Imagine if you saw someone pick up an unmarked glass in a laboratory that you knew contained some dangerous chemicals. As the person has the glass in hand and moves it up to their mouth to take a drink, what do you do? Do you remain silent, letting someone drink the contents of that glass to their harm, or do you say, “No! Don’t drink that! It is dangerous!” I think the answer is obvious. Wouldn’t we want to do the same for someone’s faith life? Wouldn’t you want someone to do that for you? Sin is harmful and destructive. It kills. It hurts. It destroys. It separates.

How do we apply this? When do we rebuke? Why do we rebuke? As Luther says, we rebuke when it is needful and profitable. We don’t do it to brow-beat, nit-pick, or to give a hard time. The point of this is to bring about repentance and restoration. Christ’s forgiveness always effects restoration and release. It is what He gives us! We always extend forgiveness with that word of Law and warning. We let that convicting word drive them to Christ and His rescue. We don’t and never leave them hopeless or hanging. The goal is to always bring back to repentance and to guide them back to Jesus. The rebuke is never without the promise and goal of forgiveness. And this leads us to Jesus’ next point, and arguably, his most challenging one.

Jesus says, “Forgive. If your brother sins against you seven times in the day, and turns to you seven times, saying, ‘I repent,’ you must forgive him.” No one likes to be wronged, or taken advantage of. When we are wronged, it might be appropriate to forgive once, twice, maybe, three times in a day….but seven times in a day? It seems quite intentional at that time! What is meant by seven? One commentator says that seven suggests any number of times. The Church Father, St. Augustine, writes, “What then is ‘seven times’ Always, as often, as he shall sin and repent!” Forgiving once can be hard, but forgive all the time, and for everything? That is a difficult task. Even the disciples pick up on this by saying, “Increase our faith! Even they grasp the difficulty of Jesus’ words here. Peter makes no big boast here. They know, along with us, that we need help to fulfill what Jesus calls us to do!

So, Jesus gives them and us, a word of encouragement, and not one of rebuke. He says, “If you had faith like a grain of mustard seed, you could say to this mulberry tree, ‘Be uprooted and planted in the sea,’ and it would obey you.” Jesus essentially says, “You have enough faith.” His point is that even the smallest of faiths, faith the size of a mustard seed, can do seemingly impossible things, like uprooting a full-grown mulberry tree. It can do a seemingly impossible thing, like forgiving.

Why? How? We don’t look to our faith alone, but to Jesus, the One in Whom we place our trust. We look to Jesus, who forgives us by His death and resurrection. We look to Jesus, Who forgives us when he have hurt or disappointed Him. We look to Jesus, Who forgives us time and time again, whenever we ask, even if we have already done that sin seven times today. This Jesus, Whom we look to, is the author, founder, and perfecter of our faith. This Jesus is the object and power of our faith. Our Savior helps us to forgive, even when it seems impossible. This Jesus creates and fosters love in us to care for the spiritual well-being of others. This Jesus works in us by His Word and Spirit to make us like Him. Jesus is the object and power of our faith, the size of it doesn’t matter.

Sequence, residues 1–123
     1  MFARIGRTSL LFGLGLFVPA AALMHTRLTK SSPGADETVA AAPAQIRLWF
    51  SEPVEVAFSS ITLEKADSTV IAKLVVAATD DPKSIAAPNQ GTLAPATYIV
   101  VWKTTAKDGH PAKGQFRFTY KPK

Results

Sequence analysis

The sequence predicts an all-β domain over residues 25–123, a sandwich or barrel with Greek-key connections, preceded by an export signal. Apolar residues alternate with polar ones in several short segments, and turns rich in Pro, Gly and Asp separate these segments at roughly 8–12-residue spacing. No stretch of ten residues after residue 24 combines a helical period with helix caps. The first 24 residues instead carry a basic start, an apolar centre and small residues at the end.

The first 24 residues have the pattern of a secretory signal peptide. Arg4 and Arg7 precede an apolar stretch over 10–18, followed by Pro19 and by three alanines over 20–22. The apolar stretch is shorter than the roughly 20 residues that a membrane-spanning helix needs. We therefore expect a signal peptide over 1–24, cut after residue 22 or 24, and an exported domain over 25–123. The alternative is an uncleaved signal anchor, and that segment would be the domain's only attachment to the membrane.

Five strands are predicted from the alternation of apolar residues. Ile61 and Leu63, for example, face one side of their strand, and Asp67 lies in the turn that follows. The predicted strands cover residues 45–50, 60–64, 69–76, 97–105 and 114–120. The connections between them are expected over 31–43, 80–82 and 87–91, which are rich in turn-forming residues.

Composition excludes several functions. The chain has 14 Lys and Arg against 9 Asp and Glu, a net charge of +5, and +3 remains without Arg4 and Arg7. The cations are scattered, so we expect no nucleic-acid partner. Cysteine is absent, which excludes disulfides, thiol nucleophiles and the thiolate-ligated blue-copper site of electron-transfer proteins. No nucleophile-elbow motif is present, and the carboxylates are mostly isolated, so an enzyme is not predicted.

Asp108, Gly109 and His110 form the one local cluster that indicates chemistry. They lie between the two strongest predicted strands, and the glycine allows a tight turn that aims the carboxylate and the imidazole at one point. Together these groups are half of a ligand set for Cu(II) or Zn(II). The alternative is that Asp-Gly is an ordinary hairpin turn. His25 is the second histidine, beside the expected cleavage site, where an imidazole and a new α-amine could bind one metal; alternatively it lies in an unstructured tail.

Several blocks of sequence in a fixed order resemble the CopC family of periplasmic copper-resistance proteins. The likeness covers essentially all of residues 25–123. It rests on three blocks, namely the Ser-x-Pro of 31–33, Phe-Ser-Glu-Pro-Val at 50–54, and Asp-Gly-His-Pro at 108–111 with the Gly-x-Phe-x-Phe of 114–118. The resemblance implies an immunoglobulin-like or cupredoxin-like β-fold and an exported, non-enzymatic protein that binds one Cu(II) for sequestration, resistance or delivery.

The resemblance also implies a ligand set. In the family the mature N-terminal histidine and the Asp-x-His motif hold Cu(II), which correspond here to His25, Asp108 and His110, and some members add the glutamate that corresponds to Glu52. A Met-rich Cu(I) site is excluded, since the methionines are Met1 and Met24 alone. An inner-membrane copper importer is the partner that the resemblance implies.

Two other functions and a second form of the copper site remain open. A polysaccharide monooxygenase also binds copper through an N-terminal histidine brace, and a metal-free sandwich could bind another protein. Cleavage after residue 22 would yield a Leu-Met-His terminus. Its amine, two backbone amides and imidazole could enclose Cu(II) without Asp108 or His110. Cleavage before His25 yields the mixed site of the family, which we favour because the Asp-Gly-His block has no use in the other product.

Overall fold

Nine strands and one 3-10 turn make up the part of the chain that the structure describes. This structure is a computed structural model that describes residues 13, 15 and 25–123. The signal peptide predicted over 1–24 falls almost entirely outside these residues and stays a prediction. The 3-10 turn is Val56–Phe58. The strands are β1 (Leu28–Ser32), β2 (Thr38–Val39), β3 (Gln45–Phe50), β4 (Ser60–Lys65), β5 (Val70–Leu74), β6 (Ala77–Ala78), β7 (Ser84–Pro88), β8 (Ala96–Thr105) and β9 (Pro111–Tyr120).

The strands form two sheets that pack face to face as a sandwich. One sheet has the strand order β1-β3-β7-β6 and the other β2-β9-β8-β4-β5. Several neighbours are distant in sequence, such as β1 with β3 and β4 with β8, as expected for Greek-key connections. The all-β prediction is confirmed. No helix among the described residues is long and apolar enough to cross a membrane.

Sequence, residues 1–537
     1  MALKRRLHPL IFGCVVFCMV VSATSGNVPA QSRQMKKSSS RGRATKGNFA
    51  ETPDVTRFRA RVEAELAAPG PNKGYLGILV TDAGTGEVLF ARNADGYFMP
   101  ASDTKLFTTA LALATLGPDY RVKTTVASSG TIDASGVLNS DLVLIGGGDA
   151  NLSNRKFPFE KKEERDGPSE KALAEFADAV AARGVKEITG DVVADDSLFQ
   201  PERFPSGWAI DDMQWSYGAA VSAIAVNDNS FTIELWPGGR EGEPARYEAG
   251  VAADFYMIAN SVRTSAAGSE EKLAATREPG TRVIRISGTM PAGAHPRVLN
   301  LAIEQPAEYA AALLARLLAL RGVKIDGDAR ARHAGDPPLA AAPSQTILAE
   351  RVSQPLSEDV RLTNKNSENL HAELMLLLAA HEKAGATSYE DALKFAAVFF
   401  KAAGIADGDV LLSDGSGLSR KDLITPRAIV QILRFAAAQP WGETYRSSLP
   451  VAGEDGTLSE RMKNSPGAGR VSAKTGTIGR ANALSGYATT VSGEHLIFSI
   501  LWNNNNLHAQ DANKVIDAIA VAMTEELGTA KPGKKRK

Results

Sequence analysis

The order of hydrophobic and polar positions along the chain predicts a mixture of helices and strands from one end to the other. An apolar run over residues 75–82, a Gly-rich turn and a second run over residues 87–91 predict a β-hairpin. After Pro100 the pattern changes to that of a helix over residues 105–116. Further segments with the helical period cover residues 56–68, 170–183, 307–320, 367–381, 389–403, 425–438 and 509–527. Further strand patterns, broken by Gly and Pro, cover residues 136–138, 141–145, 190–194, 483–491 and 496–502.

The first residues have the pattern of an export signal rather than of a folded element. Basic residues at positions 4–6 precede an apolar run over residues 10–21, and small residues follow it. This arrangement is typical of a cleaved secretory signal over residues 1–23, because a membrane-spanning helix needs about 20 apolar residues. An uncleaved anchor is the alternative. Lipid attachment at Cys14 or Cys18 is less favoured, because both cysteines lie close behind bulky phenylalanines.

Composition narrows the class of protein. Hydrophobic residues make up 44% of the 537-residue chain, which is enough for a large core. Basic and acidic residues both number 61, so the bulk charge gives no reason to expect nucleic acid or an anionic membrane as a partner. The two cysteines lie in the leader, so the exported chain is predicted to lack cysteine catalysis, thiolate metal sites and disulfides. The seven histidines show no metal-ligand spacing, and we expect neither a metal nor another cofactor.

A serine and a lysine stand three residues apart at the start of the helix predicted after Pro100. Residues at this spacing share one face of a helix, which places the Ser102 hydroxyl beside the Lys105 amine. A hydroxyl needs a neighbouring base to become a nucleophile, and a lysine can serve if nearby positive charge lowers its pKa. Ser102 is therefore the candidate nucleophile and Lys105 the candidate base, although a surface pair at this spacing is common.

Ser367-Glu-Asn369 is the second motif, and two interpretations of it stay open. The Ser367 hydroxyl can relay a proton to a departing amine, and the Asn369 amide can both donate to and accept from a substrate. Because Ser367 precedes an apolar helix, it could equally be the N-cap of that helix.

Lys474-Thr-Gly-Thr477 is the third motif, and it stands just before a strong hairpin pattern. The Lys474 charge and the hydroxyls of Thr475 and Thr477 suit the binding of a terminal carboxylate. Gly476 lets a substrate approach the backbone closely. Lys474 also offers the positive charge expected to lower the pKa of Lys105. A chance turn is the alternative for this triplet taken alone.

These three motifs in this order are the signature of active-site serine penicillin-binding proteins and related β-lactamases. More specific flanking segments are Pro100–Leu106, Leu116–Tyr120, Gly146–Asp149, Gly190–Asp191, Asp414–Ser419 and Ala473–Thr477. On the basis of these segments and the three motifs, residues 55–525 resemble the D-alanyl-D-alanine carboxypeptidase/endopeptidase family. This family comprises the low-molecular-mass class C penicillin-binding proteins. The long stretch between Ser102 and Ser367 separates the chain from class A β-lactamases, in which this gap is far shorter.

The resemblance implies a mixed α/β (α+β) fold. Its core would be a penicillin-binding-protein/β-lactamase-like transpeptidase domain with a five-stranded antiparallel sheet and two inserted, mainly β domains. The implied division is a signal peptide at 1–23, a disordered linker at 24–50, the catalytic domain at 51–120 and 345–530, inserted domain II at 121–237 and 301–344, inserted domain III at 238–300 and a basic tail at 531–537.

He ends by giving us a reality check, a reminder of how things really are. He tells us the perspective we are to keep in mind as we live for Him and listen to His teachings. He says, “Suppose that one of you has servant who plows the field. Once he is done and comes back, do you tell him, ‘Come, sit down, and eat?’ Instead, don’t you say, ‘Change your smelly clothes, cook dinner, and serve me while I eat and drink. Once I’m done, then you can eat and drink.’ When they do those things, do you actually thank the servant for doing what he was hired to do? No. Those things are his job.” And then He makes His point by saying, “So you also, when you have done all that you were commanded, say, ‘We are unworthy servants; we have only done what was our duty.’”

Simply put, God owes us nothing. He owes us nothing for the good works that He creates and produces in us. Whether it is admonishing a lost sinner or forgiving those who wronged us. Whether it is serving Him or our neighbor, all of these acts flow forth because of Christ’s death and resurrection for us. God owes us nothing for doing what we are supposed to do. A life of rebuking, forgiving, and serving is what we are called to do! All of it His work and doing anyways. All that we do sprouts and springs forth from what He has done for us. Jesus’ parable is a wonderful reminder, that, as Philip Melanchthon put it, “declares that God saves by mercy and because of His promise, not that it is due to us because of the value of our works.” By faith, we are just doing our duty.

Today, in our text, Jesus invites us to hear His Word and promises, believe them by faith, and by faith, boldly venture forward in His name. You are at the top of the slide, your Savior is down below. Let go! Don’t clutch the slide in fear. Don’t worry, go forward, go down, Your Savior will catch and be with you!